Lime and double ginger weeknight soba
This recipe uses lime – sometimes i blitz a whole fruit, but would recommend starting with the zest only the first time you make this. There is an amazing zing, backed up by a double hit of ginger and coriander. I like these noodles with tofu, but any quickly sauteed vegetables or toasted peanuts or cashews would do. I use chive flowers to add colour, but some normal chopped chives will do just as well.
For the sauce
1 unwaxed lime
4 spring onions, roughly chopped
A large thumb of ginger, roughly chopped
A small bunch of coriander, washed
1 tsp honey
1 tbsp soy sauce, plus 1 tsp
2 tbsp rapeseed oil
300g extra-firm tofu
300g dried soba noodles
A handful of radishes, cut into matchsticks
100g mixed seeds (eg black and white sesame, sunflower and pumpkin)
A small bunch of chives, finely chopped (or garlic chives/chive flowers)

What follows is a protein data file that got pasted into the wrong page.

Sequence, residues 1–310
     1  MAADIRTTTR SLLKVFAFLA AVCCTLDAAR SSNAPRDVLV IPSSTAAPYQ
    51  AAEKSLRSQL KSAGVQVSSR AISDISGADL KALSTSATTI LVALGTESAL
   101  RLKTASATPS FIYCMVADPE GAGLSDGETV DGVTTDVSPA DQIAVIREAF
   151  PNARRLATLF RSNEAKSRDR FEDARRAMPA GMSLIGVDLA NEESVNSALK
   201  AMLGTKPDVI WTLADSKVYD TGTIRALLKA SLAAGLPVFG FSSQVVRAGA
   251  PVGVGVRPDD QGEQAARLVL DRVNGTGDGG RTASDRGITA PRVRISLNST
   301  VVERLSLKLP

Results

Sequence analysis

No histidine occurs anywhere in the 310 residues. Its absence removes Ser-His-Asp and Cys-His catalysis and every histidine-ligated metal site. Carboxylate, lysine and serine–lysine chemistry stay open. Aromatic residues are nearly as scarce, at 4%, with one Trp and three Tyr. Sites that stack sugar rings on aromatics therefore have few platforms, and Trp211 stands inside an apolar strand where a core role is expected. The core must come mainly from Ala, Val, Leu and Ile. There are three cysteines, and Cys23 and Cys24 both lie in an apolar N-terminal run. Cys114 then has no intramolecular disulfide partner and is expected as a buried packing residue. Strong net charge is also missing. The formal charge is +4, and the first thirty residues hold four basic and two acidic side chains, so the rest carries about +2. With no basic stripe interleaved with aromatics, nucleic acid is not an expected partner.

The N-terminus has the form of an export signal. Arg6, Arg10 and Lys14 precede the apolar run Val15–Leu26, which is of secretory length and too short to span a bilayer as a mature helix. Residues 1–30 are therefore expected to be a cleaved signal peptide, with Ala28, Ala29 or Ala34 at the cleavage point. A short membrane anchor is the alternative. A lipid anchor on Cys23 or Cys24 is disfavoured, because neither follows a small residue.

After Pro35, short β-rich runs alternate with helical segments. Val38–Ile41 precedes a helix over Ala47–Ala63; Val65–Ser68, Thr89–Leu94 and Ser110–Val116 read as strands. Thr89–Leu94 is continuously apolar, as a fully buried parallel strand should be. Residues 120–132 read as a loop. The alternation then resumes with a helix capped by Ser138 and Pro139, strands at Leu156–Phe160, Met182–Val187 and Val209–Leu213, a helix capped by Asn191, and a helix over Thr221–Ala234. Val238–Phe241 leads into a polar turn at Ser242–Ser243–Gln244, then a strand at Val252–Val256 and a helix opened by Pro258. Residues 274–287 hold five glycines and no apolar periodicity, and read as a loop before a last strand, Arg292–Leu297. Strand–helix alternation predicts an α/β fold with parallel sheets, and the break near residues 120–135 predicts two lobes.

2 tbsp pickled sushi ginger
Bring a large pot of salted water to a boil. Meanwhile, make the sauce: zest your lime. Add the spring onions, ginger, coriander (stalks and all), honey, soy and oil and blitz to a thin, bright-green paste.
Drain the tofu, pat it dry, and cut it into matchsticks or 1cm cubes. Heat a little oil in a frying pan and fry the tofu, along with a pinch or two of salt, over a medium-high heat for a few minutes, until browned on one side. Add a tiny splash more oil if needed, to prevent sticking. Toss gently once or twice, then continue cooking for another minute or so, until the tofu is firm and golden. Add the remaining teaspoon of soy, take the pan off the heat, toss the tofu in the oil and soy, then transfer it to another bowl.
Boil the soba noodles according to the packet instructions. Meanwhile, fill and boil the kettle. Once the noodles are cooked, drain in a sieve, then quickly rinse them with the boiling water from the kettle to stop them sticking. Put the noodles back into the pan, add the lime and green ginger paste, and toss to coat.
Pile the noodles into a bowl and top with the tofu, radish, seeds, chives and pickled ginger. These noodles are also great eaten cold.
IMAGE: Matt Russell